Flag Etiquette

Useful reminder of what the flags commonly worn by a cruising yacht signify.

Apart from the ensign, flags commonly worn by a cruising yacht comprise a burgee and a house flag (Private Signal), and when entering a new country a courtesy flag, the Q flag and in some instances the Lima flag (quarantine).

‘Q’ Quebec flag (Solid Yellow):

Although not all countries insist on it, in theory, the yellow Q flag should be flown as soon as the yacht has entered territorial waters to signal that a vessel is free of disease and requests boarding and inspection to allow the grant of “free practique”.

The starboard spreaders are used for signaling purposes so this is where both the Q flag and the country’s national courtesy flag should be flown (with the courtesy flag above the Q flag).

The Q flag should be flown when entering the 12-mile limit. In this way, one cannot be accused of trying to slip in unnoticed and in fact, in some countries yachts have got into trouble for not hoisting the Q flag until they were in port. Also to avoid any misunderstandings, it is advisable to try to contact the authorities on VHF radio, especially in those countries which do not readily welcome yachts.

Once a vessel and crew are cleared in, the ‘Q’ Quebec flag should be taken down.

‘L’ Lima flag (Checkered Black and Yellow):

This flag is used to signal that a vessel is under quarantine.

Courtesy Flag:

The courtesy flag should also be flown once the boat enters a nation’s territorial waters. The flag should be flown from the starboard spreader in a position above any other flag. Motor vessels that do not have a dedicated signal halyard should fly the courtesy flag from a prominent position instead (e.g. the VHF aerial).

The courtesy flag should be in a good state and of reasonable size as some officials take offense at yachts that fly a torn or tiny flag.

Courtesy flags are normally the maritime flag of the country – in most cases, this is the same as the National Flag (e.g. France, USA, Netherlands) or the National Flag defaced with a device (e.g. Italy, Finland, Morocco). Some countries, however, use a completely different flag (e.g. UK, Australia, New Zealand). See a complete list of courtesy flags on our dedicated page.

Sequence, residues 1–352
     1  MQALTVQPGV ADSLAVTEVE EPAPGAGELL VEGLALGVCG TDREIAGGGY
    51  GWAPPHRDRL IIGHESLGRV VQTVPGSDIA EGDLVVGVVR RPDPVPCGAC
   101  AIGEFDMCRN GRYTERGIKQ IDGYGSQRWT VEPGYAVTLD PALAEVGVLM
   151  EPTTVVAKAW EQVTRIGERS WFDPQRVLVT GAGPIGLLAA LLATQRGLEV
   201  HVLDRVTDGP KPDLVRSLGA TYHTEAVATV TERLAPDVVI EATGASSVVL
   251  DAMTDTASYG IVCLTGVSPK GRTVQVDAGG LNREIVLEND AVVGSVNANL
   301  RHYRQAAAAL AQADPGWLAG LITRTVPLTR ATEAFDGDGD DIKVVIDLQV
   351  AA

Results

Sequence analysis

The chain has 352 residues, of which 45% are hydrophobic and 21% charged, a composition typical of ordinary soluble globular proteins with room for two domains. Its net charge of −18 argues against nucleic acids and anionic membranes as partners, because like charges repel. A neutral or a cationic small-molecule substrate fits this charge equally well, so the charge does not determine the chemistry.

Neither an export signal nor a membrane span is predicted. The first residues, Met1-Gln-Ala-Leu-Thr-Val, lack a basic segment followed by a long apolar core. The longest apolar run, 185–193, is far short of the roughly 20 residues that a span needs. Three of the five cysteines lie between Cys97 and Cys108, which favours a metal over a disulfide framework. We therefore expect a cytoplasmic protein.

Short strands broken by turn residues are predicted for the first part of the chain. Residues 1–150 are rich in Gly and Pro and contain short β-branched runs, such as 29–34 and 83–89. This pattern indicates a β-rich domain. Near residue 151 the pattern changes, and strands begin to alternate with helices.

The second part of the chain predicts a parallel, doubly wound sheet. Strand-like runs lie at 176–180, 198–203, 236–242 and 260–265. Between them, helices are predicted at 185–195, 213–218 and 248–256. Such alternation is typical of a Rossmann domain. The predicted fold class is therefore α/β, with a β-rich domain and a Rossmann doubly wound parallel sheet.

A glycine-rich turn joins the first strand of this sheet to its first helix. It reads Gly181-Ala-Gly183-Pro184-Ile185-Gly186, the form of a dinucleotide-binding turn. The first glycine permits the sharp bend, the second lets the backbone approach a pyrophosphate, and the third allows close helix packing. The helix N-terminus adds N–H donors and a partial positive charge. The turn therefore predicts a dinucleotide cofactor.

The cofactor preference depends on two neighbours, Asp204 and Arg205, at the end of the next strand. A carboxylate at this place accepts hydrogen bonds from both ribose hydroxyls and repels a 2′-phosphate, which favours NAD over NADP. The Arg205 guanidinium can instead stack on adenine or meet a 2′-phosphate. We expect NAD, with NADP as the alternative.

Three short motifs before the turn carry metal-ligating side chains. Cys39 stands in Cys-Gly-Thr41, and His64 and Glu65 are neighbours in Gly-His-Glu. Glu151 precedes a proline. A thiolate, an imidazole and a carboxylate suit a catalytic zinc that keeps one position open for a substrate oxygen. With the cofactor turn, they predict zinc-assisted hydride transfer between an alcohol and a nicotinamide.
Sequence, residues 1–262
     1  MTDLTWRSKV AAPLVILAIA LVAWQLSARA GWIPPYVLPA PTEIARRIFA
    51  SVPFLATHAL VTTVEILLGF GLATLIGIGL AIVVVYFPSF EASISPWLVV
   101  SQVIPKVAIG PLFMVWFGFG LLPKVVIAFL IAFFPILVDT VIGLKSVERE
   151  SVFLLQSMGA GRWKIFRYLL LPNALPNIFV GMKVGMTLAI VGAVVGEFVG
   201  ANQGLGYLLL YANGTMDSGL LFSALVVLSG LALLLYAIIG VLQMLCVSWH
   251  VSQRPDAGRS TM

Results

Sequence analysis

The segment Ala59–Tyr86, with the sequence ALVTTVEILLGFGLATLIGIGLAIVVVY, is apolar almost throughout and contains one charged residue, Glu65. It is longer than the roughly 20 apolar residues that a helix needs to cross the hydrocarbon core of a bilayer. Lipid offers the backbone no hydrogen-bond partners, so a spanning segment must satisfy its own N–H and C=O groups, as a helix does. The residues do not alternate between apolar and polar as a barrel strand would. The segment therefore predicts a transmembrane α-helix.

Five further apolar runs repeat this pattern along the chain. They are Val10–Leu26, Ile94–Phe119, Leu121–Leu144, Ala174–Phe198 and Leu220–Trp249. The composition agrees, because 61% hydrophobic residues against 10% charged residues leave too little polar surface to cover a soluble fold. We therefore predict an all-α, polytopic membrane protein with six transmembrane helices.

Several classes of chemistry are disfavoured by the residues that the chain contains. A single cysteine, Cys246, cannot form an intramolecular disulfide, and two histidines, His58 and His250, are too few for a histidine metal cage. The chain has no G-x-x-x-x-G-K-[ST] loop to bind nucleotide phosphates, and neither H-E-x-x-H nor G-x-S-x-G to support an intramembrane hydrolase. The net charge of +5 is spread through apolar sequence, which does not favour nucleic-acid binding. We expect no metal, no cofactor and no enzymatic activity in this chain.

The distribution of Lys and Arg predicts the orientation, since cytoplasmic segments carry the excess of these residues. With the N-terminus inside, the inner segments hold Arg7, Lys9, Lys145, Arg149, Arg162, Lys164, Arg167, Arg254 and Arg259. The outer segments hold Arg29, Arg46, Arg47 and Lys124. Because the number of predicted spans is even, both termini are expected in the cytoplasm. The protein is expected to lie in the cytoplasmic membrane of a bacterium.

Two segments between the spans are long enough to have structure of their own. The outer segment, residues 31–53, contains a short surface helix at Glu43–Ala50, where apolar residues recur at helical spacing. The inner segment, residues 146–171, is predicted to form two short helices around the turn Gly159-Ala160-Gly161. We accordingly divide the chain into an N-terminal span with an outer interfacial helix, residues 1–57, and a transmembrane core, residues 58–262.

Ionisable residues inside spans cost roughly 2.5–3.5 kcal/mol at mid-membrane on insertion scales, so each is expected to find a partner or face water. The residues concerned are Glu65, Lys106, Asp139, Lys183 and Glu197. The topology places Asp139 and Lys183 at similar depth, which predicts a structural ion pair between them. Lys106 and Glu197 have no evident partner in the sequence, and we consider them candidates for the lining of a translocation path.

In some dependencies or autonomous regions, such as the Canaries, Azores, French Polynesia, or Corsica, it is appreciated if the regional flag is flown together, but below, that of the metropolitan power.

See a pictorial list of worldwide courtesy flags by YachtFlags.com here.

YachtFlags.com offers a discount to Noonsite members. They provide high quality courtesy flags that are manufactured in durable Knitted Polyester fabric. Knitted so that the fabric itself does not deteriorate in the constant movement that marine flags are usually exposed to, and polyester so that the flag does not weaken in the strong UV-light usually found in the main sailing areas of the world.

House Flags or Private Signal:

House flags are flown on the port spreaders in order of seniority and can be anything, from membership or association of a club/organization to custom-designed flags particular to the yacht skipper. The signal may be flown day or night, but not if another sailor is in command (i.e. this is a private signal and follows the sailor, not the boat).

Never fly a flag that is the same or could be confused for one of the letters of the alphabet.


The ensign or national flag is the one that is worn at the stern of the boat. It shows the country of registry of the vessel and indicates its nationality and should be about one inch for each foot of overall length. For example, on a 40ft boat, the ensign should be 40 inches (approx. 3.5ft).

To prevent wear and tear, the flag may not be flown when out of sight of other vessels or when nobody is aboard (i.e. on long passages or when leaving the boat in harbor).

Dressing Overall:

It’s appropriate to dress your yacht overall on national days in countries visited. Yachts should only be dressed when at anchor or in harbor. Although not essential, and many people are not even aware of it, there is a correct order in which to fly the code signals if the yacht is dressed from bow to stern. This order has been designed to give an interesting variety of both colour and shapes. The correct order, starting from the bow, is:

E Q p3 G p8 Z p4 W p6 P p1 1 CODE T Y B X 1st H 3rd D F 2nd U A O M R p2 J p0 N p9 K p7 V p5 L C S. If the vessel is two-masted, the line between the two masts starts with Y and ends with O.

Final Note:

Burgees, house flags and courtesy flags, as well as ensigns, should be lowered at sunset or 2100, whichever is earlier and hoisted at 0800 in summer and 0900 in winter. It is particularly important to observe this in Scandinavian countries, where people are extremely flag conscious.

Read and Post Related Comments

Related to the following Cruising Resources: , , , ,

You must Login or Register to submit comments.

Click to access the login or register cheese